Sitting at the table, eating my third heaping plateful of pasta, I watched as my housemates shuffled in and out of the lounge where we are all gathered around watching Hollyoaks. The dinner conversation turned from who was going to do the washing up to when our final exams had been scheduled…no one mentioned my food…or my eating habits. I don’t know if that was out of politeness? Or embarrassment? Or whether they simply didn’t notice or worst of all…didn’t care. Part of me felt resentful that no one asked what was wrong and the other part felt grateful that my eating disorder and me were being left alone.
After dinner I hauled myself upstairs to the bedroom in the house that I shared with 4 other housemates at university. My typical routine after dinner was to go upstairs to ‘have my dessert’…this usually consisted of whatever I had in the box that I kept underneath my bed. Chocolates, cakes, crisps, crackers, sweets. I would then eat until I felt sick and bloated. I would then take approx 6-10 rennies and ½ a bottle of Pepto Bismol. I had been doing this for the last 18 months and my body was really beginning to suffer. Not only had I gone from 14 stone to 22 stone (I’m 5’11”) but also my digestive system simply didn’t seem to be working properly. I had been to see the GP who had diagnosed me with irritable bowel syndrome but it didn’t seem to occur to him either that I might have an issue with food.
I was often perplexed by my apparent lack of will power…I had been very driven and determined in other areas of my life. I was captain of the rugby team and I scored high marks throughout my education. I did however recognise a tendency toward perfectionism…I always wanted to be the best, to get the best marks, to finish first and to win everyone over. Why was I all over the place when it came to food?
Now when I look back I can see that a fair bit of my behaviour was not healthy at all and I think much of this started when I was still living at home with my family. My mother had been born into a poor, working class family and had often gone without as a child…that included food. As an adult she had ‘worked her way up’ and was financially secure but she was still preoccupied with us having enough, especially enough food. My father worked in his own business; he worked hard and played hard. He liked a drink and was a tough man. There wasn’t a lot of room for tears in our house. I had two older brothers and a baby sister. My older brothers were frequently getting into trouble and being yelled at for one thing or another and my baby sister was just that…the baby and we all adored her. I figured that the best thing to do would be to get on with things and keep my head down. That resulted with me always trying to please everyone and that included eating everything that was given to me…no matter how hungry I was. I found myself forcing myself to be sick because I was so full of the food I had stuffed myself with. I was about 12 years old when this started.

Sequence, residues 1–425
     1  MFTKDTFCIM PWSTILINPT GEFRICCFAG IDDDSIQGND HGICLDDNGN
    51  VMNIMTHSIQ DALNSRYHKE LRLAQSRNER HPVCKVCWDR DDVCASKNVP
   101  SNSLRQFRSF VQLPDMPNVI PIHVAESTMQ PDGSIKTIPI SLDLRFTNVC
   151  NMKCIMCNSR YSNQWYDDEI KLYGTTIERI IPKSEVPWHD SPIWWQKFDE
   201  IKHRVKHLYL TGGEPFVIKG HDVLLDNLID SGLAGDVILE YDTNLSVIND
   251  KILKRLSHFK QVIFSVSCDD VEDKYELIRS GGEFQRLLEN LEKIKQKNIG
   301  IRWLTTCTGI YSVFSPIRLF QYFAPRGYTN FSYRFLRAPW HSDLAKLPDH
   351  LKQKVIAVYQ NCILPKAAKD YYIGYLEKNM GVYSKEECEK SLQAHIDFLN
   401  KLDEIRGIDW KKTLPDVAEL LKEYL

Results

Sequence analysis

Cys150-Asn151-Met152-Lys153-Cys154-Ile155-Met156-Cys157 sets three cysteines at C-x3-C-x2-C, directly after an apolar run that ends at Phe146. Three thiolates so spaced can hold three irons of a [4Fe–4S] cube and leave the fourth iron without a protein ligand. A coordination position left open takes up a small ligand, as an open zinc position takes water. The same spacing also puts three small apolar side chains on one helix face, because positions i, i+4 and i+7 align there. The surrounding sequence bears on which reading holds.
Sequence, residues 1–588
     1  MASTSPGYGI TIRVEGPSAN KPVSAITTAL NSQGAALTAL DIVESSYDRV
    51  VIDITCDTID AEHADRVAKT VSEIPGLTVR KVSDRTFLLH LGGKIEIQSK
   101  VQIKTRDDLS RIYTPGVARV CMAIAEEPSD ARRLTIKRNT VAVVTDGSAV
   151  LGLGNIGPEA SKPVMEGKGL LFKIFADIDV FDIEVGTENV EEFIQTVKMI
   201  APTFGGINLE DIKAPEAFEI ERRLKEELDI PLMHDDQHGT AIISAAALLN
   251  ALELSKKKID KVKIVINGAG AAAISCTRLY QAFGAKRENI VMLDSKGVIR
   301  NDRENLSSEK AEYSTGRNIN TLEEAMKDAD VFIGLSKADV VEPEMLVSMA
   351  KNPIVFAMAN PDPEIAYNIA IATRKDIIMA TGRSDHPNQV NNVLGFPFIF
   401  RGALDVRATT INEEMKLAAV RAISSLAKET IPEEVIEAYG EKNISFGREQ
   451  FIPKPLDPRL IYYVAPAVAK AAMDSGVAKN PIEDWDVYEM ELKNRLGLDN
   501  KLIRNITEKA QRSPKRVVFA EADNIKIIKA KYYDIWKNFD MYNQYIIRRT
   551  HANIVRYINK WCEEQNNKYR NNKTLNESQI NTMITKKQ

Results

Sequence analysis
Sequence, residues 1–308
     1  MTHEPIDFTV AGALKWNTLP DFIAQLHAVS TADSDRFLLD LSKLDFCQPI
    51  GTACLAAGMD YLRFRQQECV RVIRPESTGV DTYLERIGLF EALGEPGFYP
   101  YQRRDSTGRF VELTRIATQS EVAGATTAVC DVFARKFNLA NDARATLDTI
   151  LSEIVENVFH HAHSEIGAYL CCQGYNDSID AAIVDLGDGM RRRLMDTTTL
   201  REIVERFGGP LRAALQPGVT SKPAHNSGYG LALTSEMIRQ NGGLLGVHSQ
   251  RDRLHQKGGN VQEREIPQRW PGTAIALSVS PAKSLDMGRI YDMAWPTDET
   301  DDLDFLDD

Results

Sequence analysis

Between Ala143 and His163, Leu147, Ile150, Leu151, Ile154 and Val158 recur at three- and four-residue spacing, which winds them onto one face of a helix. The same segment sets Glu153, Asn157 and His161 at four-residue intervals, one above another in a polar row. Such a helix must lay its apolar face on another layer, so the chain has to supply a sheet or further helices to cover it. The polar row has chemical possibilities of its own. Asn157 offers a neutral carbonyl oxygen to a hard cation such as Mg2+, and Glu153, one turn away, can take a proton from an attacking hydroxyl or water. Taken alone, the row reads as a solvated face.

Food became more than just food, it became an escape…when I was eating I had learnt to disengage from my body so that I could ignore the “YOU”RE FULL!” alarms that would be going off inside my head. I began to fantasise about food and became preoccupied with what I was going to eat and when. When I was 15 years old I noticed that my weight was steadily going up. I was exercising regularly and was on the rugby, cricket and football teams from my early teens so that had kept the weight down to a degree and was also vomiting 4-5 xs per week. I decided to start dieting and that’s when things really declined.
I decided to cut out all carbohydrates, sugar and fat. I lived on soups, salads, fish and diet coke. However no matter how hard I tried ‘to be good’ I would constantly relapse and binge on ‘forbidden foods’ every week or so. I continued this pattern for the next 6 years. Now when I write that I cannot believe I stayed trapped in that pattern of eating for 6 years! I simply cannot believe that so much of my early life has been taken up with an eating disorder. I was now 22 years old and my weight had plummeted. I was repulsed by people who were overweight and was obsessed with food, calories and exercise. No one knew what I was dealing with and at the time I really felt as though I was in control. I think deep down I was desperate for someone to notice how sad and lonely I had become.